Language processing is an intensively studied subject in the field of human behavior and neuroscience. While a considerate amount of research has been devoted to language comprehension, language production is relatively understudied, partially due to the lack of well-characterized stimulus material (for review see Harley, 2014). A well-established task to study language production is timed picture naming (Cattell, 1886; Oldfield & Wingfield, 1964). During the task, participants view pictorial stimuli and label the depicted scene with one word. Behavioral performance is mainly evaluated as naming latency and—in the case of predetermined reference answers—correctness of responses. Using this task, effects of particular picture characteristics or attributes of the associated words on language production can be studied.

There is a large body of evidence on behavioral and neural correlates of labeling visually presented objects, i.e., producing the associated nouns (Bates et al., 2003; Glaser, 1992; Indefrey, 2011; Perret & Bonin, 2018). However, studies indicate that verb and noun processing are subserved by distinct behavioral and neural processes (Mätzig, Druks, Masterson, & Vigliocco, 2009; Vigliocco, Vinson, Druks, Barber, & Cappa, 2011). In contrast to object naming, the production of verbs by describing visually presented actions (action naming) is relatively understudied. This is partly due to the lack of well-characterized stimulus material. While data sets for object naming are widely available, few studies report psycholinguistic variables and naming latencies for pictorial action stimuli (Cuetos & Alija, 2003; Khwaileh, Mustafawi, Herbert, & Howard, 2018; Schwitter, Boyer, Méot, Bonin, & Laganaro, 2004; Shao, Roelofs, & Meyer, 2014; Székely et al., 2005). However, such resources are important for matching stimulus sets for different experimental conditions or groups. Pictorial stimuli may differ among a range of properties which are known to affect naming performance (Perret & Bonin, 2018). These properties relate to characteristics of either the picture (e.g., visual complexity) or of the associated verb. Verb characteristics thereby comprise word form properties (e.g., word length, morphological structure) and attributes pertaining to the usage of a verb by individual speakers or a language community (e.g., age of acquisition, word frequency). Moreover, normative data has to be specific for a subpopulation of speakers, as properties like age or health status affect behavioral performance (Ramsay, Nicholas, Au, Obler, & Albert, 1999; Williamson, Adair, Raymer, & Heilman, 1998).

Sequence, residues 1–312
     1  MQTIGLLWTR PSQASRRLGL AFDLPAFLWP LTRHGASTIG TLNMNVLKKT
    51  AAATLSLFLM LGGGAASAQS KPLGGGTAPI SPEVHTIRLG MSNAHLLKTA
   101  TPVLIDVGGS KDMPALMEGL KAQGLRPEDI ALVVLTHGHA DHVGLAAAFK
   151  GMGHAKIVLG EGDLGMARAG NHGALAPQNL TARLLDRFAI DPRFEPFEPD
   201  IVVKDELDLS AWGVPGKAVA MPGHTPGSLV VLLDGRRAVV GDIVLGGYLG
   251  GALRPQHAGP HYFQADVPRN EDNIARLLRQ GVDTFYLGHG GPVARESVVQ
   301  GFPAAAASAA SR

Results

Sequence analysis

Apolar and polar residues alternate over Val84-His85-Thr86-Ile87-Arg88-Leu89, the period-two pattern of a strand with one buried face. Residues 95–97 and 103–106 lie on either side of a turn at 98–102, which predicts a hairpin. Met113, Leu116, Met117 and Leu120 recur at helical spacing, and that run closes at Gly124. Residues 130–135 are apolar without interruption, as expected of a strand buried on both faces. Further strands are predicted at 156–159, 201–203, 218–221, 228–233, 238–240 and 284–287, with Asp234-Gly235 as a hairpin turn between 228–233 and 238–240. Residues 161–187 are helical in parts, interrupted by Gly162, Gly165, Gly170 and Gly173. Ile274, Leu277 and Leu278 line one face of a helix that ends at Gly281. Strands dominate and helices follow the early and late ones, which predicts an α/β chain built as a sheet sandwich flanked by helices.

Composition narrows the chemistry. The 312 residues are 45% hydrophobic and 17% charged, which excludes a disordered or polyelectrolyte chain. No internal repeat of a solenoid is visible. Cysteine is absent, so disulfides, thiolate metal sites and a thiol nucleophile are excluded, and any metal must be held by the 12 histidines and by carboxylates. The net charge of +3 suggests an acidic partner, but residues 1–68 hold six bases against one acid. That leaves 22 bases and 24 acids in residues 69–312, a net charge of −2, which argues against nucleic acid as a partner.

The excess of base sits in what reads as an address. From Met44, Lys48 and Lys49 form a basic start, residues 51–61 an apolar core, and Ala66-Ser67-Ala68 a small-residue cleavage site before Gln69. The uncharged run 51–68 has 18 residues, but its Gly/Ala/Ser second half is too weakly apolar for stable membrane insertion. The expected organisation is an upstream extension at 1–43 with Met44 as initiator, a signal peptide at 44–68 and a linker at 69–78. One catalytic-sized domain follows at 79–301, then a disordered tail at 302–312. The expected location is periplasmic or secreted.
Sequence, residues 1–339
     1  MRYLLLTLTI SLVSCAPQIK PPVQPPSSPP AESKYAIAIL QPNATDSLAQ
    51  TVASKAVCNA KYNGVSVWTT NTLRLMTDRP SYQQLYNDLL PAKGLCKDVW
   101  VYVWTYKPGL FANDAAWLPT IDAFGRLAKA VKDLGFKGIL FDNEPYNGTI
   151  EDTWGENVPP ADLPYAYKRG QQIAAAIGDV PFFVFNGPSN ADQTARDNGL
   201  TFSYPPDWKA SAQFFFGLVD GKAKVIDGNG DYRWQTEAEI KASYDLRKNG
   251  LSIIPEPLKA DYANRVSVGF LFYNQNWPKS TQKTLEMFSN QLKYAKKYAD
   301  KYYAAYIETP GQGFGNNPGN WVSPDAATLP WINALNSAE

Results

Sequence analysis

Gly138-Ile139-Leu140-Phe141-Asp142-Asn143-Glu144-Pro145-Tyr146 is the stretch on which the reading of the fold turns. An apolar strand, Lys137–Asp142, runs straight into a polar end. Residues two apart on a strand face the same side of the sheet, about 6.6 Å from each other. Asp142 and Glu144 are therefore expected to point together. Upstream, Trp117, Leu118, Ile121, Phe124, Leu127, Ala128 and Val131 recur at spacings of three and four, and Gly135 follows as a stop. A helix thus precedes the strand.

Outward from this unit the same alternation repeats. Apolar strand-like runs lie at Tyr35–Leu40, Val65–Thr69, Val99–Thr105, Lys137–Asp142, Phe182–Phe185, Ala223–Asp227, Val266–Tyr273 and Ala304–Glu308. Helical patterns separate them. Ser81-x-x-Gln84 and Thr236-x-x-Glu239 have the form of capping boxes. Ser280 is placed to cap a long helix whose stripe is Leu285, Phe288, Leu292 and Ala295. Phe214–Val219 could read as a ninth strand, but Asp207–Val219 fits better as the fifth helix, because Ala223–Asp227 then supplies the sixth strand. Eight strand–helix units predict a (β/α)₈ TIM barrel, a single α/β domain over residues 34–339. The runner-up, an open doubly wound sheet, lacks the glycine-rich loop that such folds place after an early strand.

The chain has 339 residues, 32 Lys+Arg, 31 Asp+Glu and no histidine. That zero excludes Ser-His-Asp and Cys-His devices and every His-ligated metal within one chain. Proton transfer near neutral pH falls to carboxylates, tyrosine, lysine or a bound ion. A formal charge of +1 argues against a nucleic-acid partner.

Picture characteristics

For the production of verbs, the number of different answers per picture (nresponse) and the related variables name agreement (NA) and entropy of responses (H) exert strong and robust effects on response latencies across different languages. These highly correlated response properties, summarized as name agreement indices (Székely et al., 2005), inversely correlate with naming latencies (Cuetos & Alija, 2003; Khwaileh et al., 2018; Schwitter et al., 2004; Shao et al., 2014; Székely et al., 2005).

In contrast, only one former action naming normative study shows that the visual complexity (VC) of a picture has an independent effect on naming performance (Shao et al., 2014), whereas most other studies do not report any influence (Cuetos & Alija, 2003; Khwaileh et al., 2018; Schwitter et al., 2004; Székely et al., 2005). However, most measures of visual complexity used in previous studies are subjective and differ across studies, thus limiting comparability. Thus, several authors stress the advantage of using objective parameters, e.g., file size (Perret & Bonin, 2018; Székely & Bates, 2000).

Verb characteristics

Besides picture attributes, several verb characteristics influence behavioral performance in action naming tasks. Many studies demonstrate that early age of word acquisition (AoA) predicts lower naming latencies of verbal responses, i.e., faster reaction times (Cuetos & Alija, 2003; Schwitter et al., 2004; Shao, Roelofs, & Meyer, 2014; Székely et al., 2005). In contrast, word frequency (FR), a measure that is strongly related to age of acquisition (Johnston & Barry, 2006), exerts inconsistent effects on naming latency, once AoA has been partialed out (Székely et al., 2005). The effect of subjectively rated imageability (IM) of a depicted action on behavioral performance also varies among different studies or languages (Cuetos & Alija, 2003; Khwaileh et al., 2018; Shao et al., 2014). Although frequently studied, word length (LE) and related measures consistently fail to predict naming latency (Cuetos & Alija, 2003; Khwaileh et al., 2018; Schwitter et al., 2004; Shao et al., 2014).